On February 18, the New York Court of Appeals reversed appellate division orders in four cases concerning the timeliness of mortgage foreclosure claims, seeking to develop “clarity and consistency” for cases affecting real property ownership. In particular, the decision clarifies questions regarding what actions will constitute acceleration of a debt and how such acceleration can be revoked, or de-accelerated, which resets the foreclosure timeline.

The Court of Appeals first addressed the question about how and when a default letter to a borrower constitutes an acceleration, thus commencing the six-year statute of limitations period for initiating a foreclosure action. With respect to two of the cases (appellants three and four), the Court of Appeals applied the ruling from Albertina Realty Co. v. Rosbro Realty Corp., which held “that a noteholder must effect an ‘unequivocal overt act’ to accomplish such a substantial change in the parties’ contractual relationship.” The Court of Appeals reviewed a default letter sent in one of the cases and agreed with the bank that merely warning a borrower of a potential future foreclosure via a default letter does not count as an “overt, unequivocal act.” “Noteholders should be free to accurately inform borrowers of their default, the steps required for a cure and the practical consequences if the borrower fails to act, without running the risk of being deemed to have taken the drastic step of accelerating the loan,” the Court of Appeals stated. Instead, the letter must be accompanied by some other overt, unequivocal act. In addition, the Court of Appeals also reviewed a portion of the appellate division’s decision in appellant four’s case, which held that the bank “could not de-accelerate because it ‘admitted that its primary reason for revoking acceleration of the mortgage debt was to avoid the statute of limitations bar.’” The Court of Appeals majority wrote, “We reject the theory. . .that a lender should be barred from revoking acceleration if the motive of the revocation was to avoid the expiration of the statute of limitations on the accelerated debt. A noteholder's motivation for exercising a contractual right is generally irrelevant.”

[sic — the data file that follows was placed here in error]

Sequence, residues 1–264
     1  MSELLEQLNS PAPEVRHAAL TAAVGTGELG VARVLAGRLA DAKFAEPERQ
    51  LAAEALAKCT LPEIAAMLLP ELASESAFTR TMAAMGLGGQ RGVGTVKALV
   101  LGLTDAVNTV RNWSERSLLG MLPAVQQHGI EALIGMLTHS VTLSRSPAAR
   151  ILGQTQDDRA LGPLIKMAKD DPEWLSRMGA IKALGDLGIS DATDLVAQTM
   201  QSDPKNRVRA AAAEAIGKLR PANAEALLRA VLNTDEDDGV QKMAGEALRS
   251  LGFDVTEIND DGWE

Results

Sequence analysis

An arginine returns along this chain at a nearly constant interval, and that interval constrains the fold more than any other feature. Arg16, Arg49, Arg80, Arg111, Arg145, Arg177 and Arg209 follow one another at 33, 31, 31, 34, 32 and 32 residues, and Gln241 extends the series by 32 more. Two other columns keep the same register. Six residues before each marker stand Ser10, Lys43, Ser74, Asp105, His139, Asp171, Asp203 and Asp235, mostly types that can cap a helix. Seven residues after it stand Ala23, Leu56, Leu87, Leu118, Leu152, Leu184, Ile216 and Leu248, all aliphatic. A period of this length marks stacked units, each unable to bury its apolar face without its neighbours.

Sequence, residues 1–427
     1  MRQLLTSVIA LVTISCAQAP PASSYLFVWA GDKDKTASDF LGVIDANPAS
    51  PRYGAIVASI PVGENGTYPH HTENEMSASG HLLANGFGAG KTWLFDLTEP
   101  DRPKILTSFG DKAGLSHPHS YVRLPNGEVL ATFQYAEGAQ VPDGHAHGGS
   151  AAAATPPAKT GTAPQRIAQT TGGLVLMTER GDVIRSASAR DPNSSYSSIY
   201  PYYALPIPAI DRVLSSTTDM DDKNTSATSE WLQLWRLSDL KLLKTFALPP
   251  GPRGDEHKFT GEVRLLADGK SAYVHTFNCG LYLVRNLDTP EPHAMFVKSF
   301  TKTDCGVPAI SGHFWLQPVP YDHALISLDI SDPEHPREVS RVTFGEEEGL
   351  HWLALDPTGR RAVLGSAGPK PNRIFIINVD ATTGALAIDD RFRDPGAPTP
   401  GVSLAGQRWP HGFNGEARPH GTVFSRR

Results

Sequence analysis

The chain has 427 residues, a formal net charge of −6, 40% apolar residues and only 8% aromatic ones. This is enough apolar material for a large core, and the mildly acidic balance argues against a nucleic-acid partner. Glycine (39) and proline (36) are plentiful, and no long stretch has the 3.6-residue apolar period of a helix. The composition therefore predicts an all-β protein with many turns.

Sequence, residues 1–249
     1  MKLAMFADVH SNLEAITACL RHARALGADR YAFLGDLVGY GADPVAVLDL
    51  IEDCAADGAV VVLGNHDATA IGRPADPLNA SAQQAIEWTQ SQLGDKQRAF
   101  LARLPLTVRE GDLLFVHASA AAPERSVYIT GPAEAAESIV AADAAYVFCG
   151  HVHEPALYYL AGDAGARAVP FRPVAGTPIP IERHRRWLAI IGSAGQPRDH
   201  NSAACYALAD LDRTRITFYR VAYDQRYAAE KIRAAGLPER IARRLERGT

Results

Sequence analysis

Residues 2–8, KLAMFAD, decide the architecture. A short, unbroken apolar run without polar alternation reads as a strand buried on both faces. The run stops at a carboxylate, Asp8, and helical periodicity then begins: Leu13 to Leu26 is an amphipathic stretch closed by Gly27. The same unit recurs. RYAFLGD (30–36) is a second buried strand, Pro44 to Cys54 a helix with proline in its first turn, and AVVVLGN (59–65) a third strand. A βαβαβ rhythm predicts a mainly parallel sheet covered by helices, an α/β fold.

The Court of Appeals also addressed the issue of “whether a valid election to accelerate, effectuated by the commencement of a prior foreclosure action, was revoked upon the noteholder’s voluntary discontinuance of that action” in the two other cases (appellants one and two). According to Court of Appeals, when a noteholder has accelerated a loan by filing a foreclosure action, “voluntary discontinuance” of that foreclosure action de-accelerates the loan unless the noteholder states otherwise. Thus, the noteholder can later choose to re-accelerate the loan and file another foreclosure action with a new six-year statute of limitations period, the Court of Appeals wrote, reversing appellate division orders that had dismissed the two cases as untimely.

While largely unanimous, one judge issued a dissenting opinion on two of the rulings concerning whether the noteholders effectively revoked acceleration. The judge stated that if the court is going to impose a deceleration rule based on a noteholder’s voluntary withdrawal of a foreclosure action, she would require that noteholders “provide express notice to the borrower regarding the effect of that withdrawal.”